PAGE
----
s Z
1
* *
1
5 . 0
1 1
2 *
1
2 *
~
c c c (18)
where,
it
c is the estimated residual from equation (10) and
2
11
i
L is the estimated long run covariance matrix
for
it
c A . Similarly,
2
i
o and ( )
2
* 2
i i
s s are the long run and contemporaneous variances for individual i. All
seven tests are based asymptotically standard normal distributions given by the respective panel/ group
cointegration statistic. The panel v is a one sided test where large positive values reject the null hypothesis of
no cointegration. The other remaining statistics diverge to negative infinite, which means that large negative
values reject the null hypothesis. Each of these tests is able to accommodate individual specific shortrun
dynamics, individual specific fixed effects and deterministic trends as well as individual specific slope
coefficients (Pedroni, 2004).
Granger Causality Test: The following panel VAR (Holtz Eakin et al., 1988) is considered:
Model 1: If the time series variables are 1 (1) and not cointegrated, we can use the following causality model:
123
it
n
k
k it ik
n
k
n
k
k it ik k it ik k it
n
k
ik
k it
n
k
ik k it
n
k
ik
n
k
k it ik
n
k
k it ik j it
LTD CAB MTB GDP
LP INF ER FDI FDI
c o o o o
o o o o q
=
= =
=
= =
=
A + A + A + A + A +
A + A + A + A + = A
1
8
1 1
7 6
1
5
1
4
1
3
1
2
1
1
(19)
where, FDI is Foreign Direct Investment; ER is Exchange Rate; INF is Inflation rate; LP is Labor population,
GDP is Per Capita Gross Domestic Product; MTB is Merchandise Trade Balance; CAB is Current Account
Balance; and LTD is Long Term Debt Outstanding.
Model 2: If the time series variables are 1 (1) and cointegrated, then the causality is tested by using error
correction model. This is represented as follows:
it
n
k
k it i k it ik
n
k
n
k
k it ik k it ik k it
n
k
ik
k it
n
k
ik k it
n
k
ik
n
k
k it ik
n
k
k it ik j it
EC LTD CAB MTB GDP
LP INF ER FDI FDI
c o o o o
o o o o q
=
= =
=
= =
=
A + I + A + A + A + A +
A + A + A + A + = A
1
1 8
1 1
7 6
1
5
1
4
1
3
1
2
1
1
(20)
where EC is the error correction term, obtained from the cointegrating equation.
4. Results and Discussion
In this section we study the Granger causality among foreign direct investment, trade openness and economic
growth. The analysis starts with the stationarity properties of the data series. This is the prime requirement
for cointegration and causality test. Table 1 presents the results of unit root tests. The results find that time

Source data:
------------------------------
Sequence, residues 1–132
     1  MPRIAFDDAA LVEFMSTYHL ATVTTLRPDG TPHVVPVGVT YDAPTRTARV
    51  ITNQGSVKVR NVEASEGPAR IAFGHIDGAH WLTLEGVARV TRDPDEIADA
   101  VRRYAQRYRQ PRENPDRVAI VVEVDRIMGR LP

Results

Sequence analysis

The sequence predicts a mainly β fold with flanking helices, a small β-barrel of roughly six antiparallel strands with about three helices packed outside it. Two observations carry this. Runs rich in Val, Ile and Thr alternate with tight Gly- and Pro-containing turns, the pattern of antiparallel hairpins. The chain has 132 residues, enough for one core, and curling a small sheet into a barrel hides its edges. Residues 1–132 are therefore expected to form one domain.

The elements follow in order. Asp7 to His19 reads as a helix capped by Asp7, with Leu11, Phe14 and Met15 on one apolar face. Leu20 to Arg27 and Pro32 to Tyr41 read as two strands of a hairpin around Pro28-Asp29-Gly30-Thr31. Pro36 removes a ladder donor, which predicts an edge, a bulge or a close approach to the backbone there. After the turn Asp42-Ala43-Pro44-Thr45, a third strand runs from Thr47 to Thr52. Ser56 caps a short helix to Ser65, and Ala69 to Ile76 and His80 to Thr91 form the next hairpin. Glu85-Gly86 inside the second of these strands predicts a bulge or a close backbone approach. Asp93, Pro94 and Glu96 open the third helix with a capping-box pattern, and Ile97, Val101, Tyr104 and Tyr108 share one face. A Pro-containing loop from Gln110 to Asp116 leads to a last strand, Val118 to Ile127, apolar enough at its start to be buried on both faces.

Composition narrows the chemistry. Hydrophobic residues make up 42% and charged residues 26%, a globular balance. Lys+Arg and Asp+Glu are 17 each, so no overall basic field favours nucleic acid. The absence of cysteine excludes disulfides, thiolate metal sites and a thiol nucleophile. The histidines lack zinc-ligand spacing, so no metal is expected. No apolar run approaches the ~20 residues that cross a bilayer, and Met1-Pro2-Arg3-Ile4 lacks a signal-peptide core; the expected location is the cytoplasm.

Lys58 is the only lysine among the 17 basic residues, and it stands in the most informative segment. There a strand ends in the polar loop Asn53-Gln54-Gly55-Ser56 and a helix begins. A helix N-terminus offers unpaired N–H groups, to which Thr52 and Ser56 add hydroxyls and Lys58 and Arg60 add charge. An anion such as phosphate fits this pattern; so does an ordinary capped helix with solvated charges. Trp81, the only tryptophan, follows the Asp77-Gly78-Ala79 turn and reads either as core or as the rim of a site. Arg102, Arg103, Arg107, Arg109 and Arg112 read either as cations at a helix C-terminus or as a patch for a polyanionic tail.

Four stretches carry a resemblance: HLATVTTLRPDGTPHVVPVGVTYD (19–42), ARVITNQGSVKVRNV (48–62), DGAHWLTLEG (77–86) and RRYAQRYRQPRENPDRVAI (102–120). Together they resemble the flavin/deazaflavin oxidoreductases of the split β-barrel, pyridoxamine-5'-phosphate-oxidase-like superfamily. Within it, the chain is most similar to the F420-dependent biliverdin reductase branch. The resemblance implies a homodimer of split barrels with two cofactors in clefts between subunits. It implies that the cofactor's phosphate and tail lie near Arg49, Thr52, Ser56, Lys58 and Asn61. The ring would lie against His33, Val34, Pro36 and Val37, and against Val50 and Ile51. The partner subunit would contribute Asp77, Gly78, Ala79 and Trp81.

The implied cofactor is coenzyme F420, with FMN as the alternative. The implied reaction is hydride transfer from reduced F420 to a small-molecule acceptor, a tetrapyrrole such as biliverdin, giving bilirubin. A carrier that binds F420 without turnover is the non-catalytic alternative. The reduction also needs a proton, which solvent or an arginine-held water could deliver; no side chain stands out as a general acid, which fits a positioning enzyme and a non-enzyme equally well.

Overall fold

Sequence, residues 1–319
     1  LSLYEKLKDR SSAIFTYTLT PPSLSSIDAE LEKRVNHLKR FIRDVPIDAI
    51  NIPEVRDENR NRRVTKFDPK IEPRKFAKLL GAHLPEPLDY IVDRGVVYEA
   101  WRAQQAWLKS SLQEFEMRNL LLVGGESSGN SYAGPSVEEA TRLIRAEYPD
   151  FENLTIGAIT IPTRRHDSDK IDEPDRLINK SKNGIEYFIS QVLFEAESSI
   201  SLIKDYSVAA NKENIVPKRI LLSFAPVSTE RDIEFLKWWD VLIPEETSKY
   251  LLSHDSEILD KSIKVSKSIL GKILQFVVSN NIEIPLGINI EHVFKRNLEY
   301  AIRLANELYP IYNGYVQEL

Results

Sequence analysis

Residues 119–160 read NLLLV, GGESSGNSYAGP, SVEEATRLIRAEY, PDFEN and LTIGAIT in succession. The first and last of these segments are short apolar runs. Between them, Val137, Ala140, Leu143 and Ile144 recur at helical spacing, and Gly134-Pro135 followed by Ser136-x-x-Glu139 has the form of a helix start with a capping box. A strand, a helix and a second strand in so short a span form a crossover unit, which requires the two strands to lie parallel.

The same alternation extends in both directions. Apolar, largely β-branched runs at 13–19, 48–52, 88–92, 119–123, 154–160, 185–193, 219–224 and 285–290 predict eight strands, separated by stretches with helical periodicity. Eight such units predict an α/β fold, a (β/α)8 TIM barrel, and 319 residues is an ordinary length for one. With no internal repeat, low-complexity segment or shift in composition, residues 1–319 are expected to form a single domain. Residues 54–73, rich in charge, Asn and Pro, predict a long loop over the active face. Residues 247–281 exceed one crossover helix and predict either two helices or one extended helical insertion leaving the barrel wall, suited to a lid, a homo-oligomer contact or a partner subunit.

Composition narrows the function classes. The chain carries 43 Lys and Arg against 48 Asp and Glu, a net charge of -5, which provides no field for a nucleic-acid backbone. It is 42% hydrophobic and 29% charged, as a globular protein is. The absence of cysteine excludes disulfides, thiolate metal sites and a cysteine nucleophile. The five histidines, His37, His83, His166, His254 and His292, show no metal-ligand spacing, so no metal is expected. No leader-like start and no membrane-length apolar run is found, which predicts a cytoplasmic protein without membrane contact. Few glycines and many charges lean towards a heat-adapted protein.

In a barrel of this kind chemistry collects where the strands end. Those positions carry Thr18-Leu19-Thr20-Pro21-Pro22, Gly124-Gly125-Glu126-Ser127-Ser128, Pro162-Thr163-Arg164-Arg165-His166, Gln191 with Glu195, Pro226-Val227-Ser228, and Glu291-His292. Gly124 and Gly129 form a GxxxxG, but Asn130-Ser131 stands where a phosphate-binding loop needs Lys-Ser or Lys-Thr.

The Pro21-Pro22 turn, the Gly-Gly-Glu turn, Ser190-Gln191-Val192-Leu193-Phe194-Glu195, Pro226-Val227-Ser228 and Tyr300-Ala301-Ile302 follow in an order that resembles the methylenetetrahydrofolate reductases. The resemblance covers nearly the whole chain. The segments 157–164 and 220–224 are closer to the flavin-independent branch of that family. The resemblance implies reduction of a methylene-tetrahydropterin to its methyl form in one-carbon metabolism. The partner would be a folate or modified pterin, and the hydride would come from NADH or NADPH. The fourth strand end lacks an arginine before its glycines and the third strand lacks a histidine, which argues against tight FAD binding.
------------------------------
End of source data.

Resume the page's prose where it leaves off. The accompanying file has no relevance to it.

series variables, such as foreign direct investment, exchange rate, inflation, labor population, per capita gross
domestic product, merchandise trade balance, current account balance and long term debt outstanding, are
having unit roots at the level data. This is because the estimated unit root test statistics cannot reject the null
hypothesis of nonstationarity at 10% level of significance. However, they are stationary at the first difference
level, as the null hypothesis of nonstationarity is rejected at 5% level of significance (see Table 1). This
confirms that the variables are integrated of order one, 1 (1).
Table 1: Results of Unit Root Test (At First Difference)
Variables
C C + T
Inferences
IPS ADF PP IPS ADF PP
FDI 28.497* 28.497* 34.444* 28.402* 28.402* 34.380* I (1)
ER 12.750* 12.749* 12.749* 12.707* 12.707* 12.707* I (1)
INF 10.463* 10.463* 154.164* 10.428* 10.428* 154.834* I (1)
LP 12.331* 12.331* 12.331* 12.291* 12.291* 12.291* I (1)
GDPC 10.463* 10.463* 30.369* 10.430* 10.430* 30.431* I (1)
MTB 12.595* 12.595* 12.598* 12.560* 12.560* 12.563* I (1)
CAB 10.096* 10.096* 119.074* 10.062* 10.062* 119.879* I (1)
LTD 12.476* 12.476* 12.476* 12.439* 12.439* 12.439* I (1)
Note: FDI: Foreign Direct Investment; ER: Exchange Rate; INF: Inflation; LP: Labor population, GDP: Per
Capita Gross Domestic Product; MTB: Merchandise Trade Balance; CAB: Current Account Balance; LTD: Long
Term Debt Outstanding; C: Constant; C+T: Constant plus Trend; IPS: IPS statistics; PP: PP statistics; ADF:
Augmented Dickey Fuller Test; I (1): Integrated of order one; and *: Indicates statistically significant at 5%
level
124
Table 2: Results of Cointegration Test
No. of Cointegrating
eqn(s)
Trace Statistics Maximum Eigen Value Statistics
Trace
statistics
0.05 critical
value
Prob
MaxEigen
statistics
0.05 critical
value
Prob
None 232.47* 159.53 0.00 77.92 52.36 0.00
At most 1 154.55 * 125.61 0.00 46.55 46.23 0.05
At most 2 108.00 95.75 0.01 32.03 40.08 0.30
At most 3 75.97 69.82 0.01 26.26 33.88 0.31
At most 4 49.70 47.86 0.03 23.71 27.58 0.15
At most 5 25.99 29.79 0.13 15.97 21.13 0.23
At most 6 10.02 15.49 0.28 8.262 14.26 0.35
At most 7 1.753 3.841 0.19 1.753 3.841 0.19
Note: *: Indicates statistically significant at 5% level.